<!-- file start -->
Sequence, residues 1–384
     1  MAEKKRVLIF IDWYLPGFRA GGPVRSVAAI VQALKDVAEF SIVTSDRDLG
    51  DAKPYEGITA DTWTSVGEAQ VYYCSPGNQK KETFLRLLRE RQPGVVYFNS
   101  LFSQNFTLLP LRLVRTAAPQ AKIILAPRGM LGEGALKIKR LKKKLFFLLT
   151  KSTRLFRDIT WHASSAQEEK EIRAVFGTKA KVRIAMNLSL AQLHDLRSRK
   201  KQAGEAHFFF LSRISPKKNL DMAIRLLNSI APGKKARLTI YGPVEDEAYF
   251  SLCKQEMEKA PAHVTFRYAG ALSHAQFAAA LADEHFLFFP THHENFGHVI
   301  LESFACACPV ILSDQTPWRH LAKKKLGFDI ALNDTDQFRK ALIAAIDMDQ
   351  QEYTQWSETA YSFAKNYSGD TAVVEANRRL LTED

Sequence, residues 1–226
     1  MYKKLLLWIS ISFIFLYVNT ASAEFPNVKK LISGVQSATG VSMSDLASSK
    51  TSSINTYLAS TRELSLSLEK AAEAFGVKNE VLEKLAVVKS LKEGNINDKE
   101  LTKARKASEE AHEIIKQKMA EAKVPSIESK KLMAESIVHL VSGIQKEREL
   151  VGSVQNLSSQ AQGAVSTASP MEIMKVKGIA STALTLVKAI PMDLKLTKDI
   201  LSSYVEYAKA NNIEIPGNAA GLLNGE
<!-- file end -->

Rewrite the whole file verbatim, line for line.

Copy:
Sequence, residues 1–384
     1  MAEKKRVLIF IDWYLPGFRA GGPVRSVAAI VQALKDVAEF SIVTSDRDLG
    51  DAKPYEGITA DTWTSVGEAQ VYYCSPGNQK KETFLRLLRE RQPGVVYFNS
   101  LFSQNFTLLP LRLVRTAAPQ AKIILAPRGM LGEGALKIKR LKKKLFFLLT
   151  KSTRLFRDIT WHASSAQEEK EIRAVFGTKA KVRIAMNLSL AQLHDLRSRK
   201  KQAGEAHFFF LSRISPKKNL DMAIRLLNSI APGKKARLTI YGPVEDEAYF
   251  SLCKQEMEKA PAHVTFRYAG ALSHAQFAAA LADEHFLFFP THHENFGHVI
   301  LESFACACPV ILSDQTPWRH LAKKKLGFDI ALNDTDQFRK ALIAAIDMDQ
   351  QEYTQWSETA YSFAKNYSGD TAVVEANRRL LTED

Sequence, residues 1–226
     1  MYKKLLLWIS ISFIFLYVNT ASAEFPNVKK LISGVQSATG VSMSDLASSK
    51  TSSINTYLAS TRELSLSLEK AAEAFGVKNE VLEKLAVVKS LKEGNINDKE
   101  LTKARKASEE AHEIIKQKMA EAKVPSIESK KLMAESIVHL VSGIQKEREL
   151  VGSVQNLSSQ AQGAVSTASP MEIMKVKGIA STALTLVKAI PMDLKLTKDI
   201  LSSYVEYAKA NNIEIPGNAA GLLNGE